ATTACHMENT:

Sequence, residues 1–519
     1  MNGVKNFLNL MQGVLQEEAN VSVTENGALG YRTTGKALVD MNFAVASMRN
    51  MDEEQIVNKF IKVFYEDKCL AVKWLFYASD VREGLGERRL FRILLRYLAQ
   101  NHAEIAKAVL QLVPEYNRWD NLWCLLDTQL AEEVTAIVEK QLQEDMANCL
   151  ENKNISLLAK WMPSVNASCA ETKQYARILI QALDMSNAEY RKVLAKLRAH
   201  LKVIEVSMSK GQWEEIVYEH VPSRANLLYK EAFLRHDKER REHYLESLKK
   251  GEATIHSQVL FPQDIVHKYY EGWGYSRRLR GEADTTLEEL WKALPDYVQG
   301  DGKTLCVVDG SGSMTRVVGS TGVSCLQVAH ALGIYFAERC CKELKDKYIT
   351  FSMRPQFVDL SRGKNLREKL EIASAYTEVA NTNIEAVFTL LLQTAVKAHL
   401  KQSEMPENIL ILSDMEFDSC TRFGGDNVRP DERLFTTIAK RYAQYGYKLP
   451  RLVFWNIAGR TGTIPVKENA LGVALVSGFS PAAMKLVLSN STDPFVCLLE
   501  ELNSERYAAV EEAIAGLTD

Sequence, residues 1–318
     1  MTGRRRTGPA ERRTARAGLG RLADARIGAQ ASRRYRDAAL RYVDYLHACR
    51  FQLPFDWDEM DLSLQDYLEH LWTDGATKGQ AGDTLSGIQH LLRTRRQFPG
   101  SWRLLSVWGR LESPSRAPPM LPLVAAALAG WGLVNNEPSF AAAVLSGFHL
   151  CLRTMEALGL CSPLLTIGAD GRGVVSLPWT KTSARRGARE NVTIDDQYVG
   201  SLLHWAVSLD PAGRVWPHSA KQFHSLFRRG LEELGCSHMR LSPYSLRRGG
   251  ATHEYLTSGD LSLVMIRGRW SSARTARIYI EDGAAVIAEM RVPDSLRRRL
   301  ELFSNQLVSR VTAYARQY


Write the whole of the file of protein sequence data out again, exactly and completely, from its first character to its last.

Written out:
Sequence, residues 1–519
     1  MNGVKNFLNL MQGVLQEEAN VSVTENGALG YRTTGKALVD MNFAVASMRN
    51  MDEEQIVNKF IKVFYEDKCL AVKWLFYASD VREGLGERRL FRILLRYLAQ
   101  NHAEIAKAVL QLVPEYNRWD NLWCLLDTQL AEEVTAIVEK QLQEDMANCL
   151  ENKNISLLAK WMPSVNASCA ETKQYARILI QALDMSNAEY RKVLAKLRAH
   201  LKVIEVSMSK GQWEEIVYEH VPSRANLLYK EAFLRHDKER REHYLESLKK
   251  GEATIHSQVL FPQDIVHKYY EGWGYSRRLR GEADTTLEEL WKALPDYVQG
   301  DGKTLCVVDG SGSMTRVVGS TGVSCLQVAH ALGIYFAERC CKELKDKYIT
   351  FSMRPQFVDL SRGKNLREKL EIASAYTEVA NTNIEAVFTL LLQTAVKAHL
   401  KQSEMPENIL ILSDMEFDSC TRFGGDNVRP DERLFTTIAK RYAQYGYKLP
   451  RLVFWNIAGR TGTIPVKENA LGVALVSGFS PAAMKLVLSN STDPFVCLLE
   501  ELNSERYAAV EEAIAGLTD

Sequence, residues 1–318
     1  MTGRRRTGPA ERRTARAGLG RLADARIGAQ ASRRYRDAAL RYVDYLHACR
    51  FQLPFDWDEM DLSLQDYLEH LWTDGATKGQ AGDTLSGIQH LLRTRRQFPG
   101  SWRLLSVWGR LESPSRAPPM LPLVAAALAG WGLVNNEPSF AAAVLSGFHL
   151  CLRTMEALGL CSPLLTIGAD GRGVVSLPWT KTSARRGARE NVTIDDQYVG
   201  SLLHWAVSLD PAGRVWPHSA KQFHSLFRRG LEELGCSHMR LSPYSLRRGG
   251  ATHEYLTSGD LSLVMIRGRW SSARTARIYI EDGAAVIAEM RVPDSLRRRL
   301  ELFSNQLVSR VTAYARQY